Key Insights

Women impact entrepreneurs are just as growth-oriented and risk-taking as men — the primary difference is in their approach.

Figure 2. Illustration of the mental model for growth of women and men impact entrepreneurs

Our interviews identified that women and men impact entrepreneurs have a similar vision, ambition and set of enablers for business growth; however, a difference was found in their underlying rationale, or mental models, when approaching growth and risk. Women impact entrepreneurs believe sustainable growth is achieved through stages and taking calculated risks. They calculate the risks carefully so they have to pass some steps to confirm, which means they take the time to test the viability of their business model before seeking support networks or approaching investors. In contrast, men impact entrepreneurs opt for aggressive growth. They see the impact sector as relatively young and therefore, they believe they need to educate the market while building demand. While impact enterprises have a wide range of growth trajectories, investors are biased towards the aggressive growth model and they perceive women impact entrepreneurs to be too slow in growing their businesses. This becomes a barrier for women impact entrepreneurs to scale up their businesses. Understanding this barrier, how might we diversify financing options that cater to a wider variety of growth and business strategy approaches?

Gender bias impedes women’s ability to leverage the critical enablers needed to grow their business, particularly when they are pregnant or have young children

Figure 3. Enablers for business growth

Our study uncovered how gender biases act as a barrier for women impact entrepreneurs when leveraging the critical enablers needed to grow their business across different levels: individual, social (i.e family, friends, and colleagues), and business community levels (i.e business associations, investing communities, and financial institutions).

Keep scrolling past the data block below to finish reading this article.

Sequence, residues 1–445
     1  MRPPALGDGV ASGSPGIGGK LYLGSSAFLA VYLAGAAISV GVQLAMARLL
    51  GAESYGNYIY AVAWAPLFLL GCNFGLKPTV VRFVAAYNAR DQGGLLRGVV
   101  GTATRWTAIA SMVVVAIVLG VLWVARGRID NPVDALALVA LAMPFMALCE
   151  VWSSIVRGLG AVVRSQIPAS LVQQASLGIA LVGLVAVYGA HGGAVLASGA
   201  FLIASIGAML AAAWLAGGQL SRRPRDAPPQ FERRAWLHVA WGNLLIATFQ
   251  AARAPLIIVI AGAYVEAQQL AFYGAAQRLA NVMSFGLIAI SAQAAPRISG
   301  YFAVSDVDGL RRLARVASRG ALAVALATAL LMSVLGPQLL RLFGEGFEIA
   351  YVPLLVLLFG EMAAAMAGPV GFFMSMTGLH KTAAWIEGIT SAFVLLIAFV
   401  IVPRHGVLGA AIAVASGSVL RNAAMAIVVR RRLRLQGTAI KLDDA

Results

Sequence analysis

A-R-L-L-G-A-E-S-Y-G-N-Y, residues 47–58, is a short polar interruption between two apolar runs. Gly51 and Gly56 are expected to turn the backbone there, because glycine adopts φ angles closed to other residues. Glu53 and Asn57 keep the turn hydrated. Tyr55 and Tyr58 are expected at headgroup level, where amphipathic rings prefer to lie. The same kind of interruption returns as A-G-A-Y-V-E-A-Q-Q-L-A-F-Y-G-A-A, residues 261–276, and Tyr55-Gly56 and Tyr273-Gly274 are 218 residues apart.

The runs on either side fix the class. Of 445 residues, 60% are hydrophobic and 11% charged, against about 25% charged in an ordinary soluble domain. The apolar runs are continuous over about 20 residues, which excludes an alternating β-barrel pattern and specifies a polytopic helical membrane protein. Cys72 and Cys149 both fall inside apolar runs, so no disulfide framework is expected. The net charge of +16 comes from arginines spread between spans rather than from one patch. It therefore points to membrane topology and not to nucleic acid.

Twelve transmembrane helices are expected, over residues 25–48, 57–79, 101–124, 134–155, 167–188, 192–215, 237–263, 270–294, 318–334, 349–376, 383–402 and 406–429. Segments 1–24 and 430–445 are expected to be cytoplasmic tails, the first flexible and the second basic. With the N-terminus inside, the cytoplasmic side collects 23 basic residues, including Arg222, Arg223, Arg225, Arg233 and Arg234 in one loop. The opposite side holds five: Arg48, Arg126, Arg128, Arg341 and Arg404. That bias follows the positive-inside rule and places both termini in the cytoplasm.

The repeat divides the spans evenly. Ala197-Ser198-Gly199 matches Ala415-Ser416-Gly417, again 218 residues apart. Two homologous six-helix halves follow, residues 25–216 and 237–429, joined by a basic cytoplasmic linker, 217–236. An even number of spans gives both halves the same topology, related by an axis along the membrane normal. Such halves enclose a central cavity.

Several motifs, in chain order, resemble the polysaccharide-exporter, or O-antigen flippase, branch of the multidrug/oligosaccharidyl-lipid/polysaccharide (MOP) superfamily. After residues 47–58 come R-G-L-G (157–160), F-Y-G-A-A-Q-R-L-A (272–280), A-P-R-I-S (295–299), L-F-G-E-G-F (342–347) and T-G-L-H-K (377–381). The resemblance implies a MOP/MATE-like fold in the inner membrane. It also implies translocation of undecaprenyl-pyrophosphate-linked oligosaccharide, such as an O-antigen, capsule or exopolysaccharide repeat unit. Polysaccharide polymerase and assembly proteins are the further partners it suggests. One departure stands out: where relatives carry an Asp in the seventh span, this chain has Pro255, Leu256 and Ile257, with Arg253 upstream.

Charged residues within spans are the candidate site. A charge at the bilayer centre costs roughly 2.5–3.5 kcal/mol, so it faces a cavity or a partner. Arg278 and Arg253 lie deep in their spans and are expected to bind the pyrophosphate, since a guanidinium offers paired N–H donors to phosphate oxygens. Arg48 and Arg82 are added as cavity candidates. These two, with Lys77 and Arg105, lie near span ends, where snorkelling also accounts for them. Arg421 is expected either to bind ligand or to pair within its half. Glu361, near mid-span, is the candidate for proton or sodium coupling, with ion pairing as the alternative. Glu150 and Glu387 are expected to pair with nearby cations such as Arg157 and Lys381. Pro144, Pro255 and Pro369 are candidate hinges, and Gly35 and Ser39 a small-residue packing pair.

At the individual level, both women and men value the importance of leadership skills to grapple with various challenges of a scaled-up business; however, women express more self-doubt about their leadership abilities. Unlike their male counterparts, at the household level, women’s time for self-development is limited by childcare responsibilities, and this holds especially true for women with young children. Among impact entrepreneurs, only women identified family support as a key enabler for business growth.

At the company level, both genders strive to develop their employees’ skills and provide an equitable work environment, but women take it one step further by providing workplace policies that support their female employees who assume childcare responsibilities. At the business community level, women face double the barriers with investors who tend to see pregnancy and motherhood as a risk, and difficulties finding the right support network for their stage of growth. Additionally, while some business associations, particularly those dominated by men, can be hostile to women, women-only spaces can also be intimidating due to the dominant ‘lean-in’ narrative that encourages women to assert themselves and grab opportunities to move up in the business world. Indeed, ecosystem enablers are responding through interventions that specifically target women entrepreneurs but there is a need to improve the programming of these interventions to change the gendered power relations. Understanding that women face these challenges across four levels, how might we integrate gender-smart approaches in the support network for women impact entrepreneurs?

Care work entrepreneurs demonstrate significant growth potential, but systemic interventions are needed to scale up the sector

Figure 4. Illustration of three types of care enterprises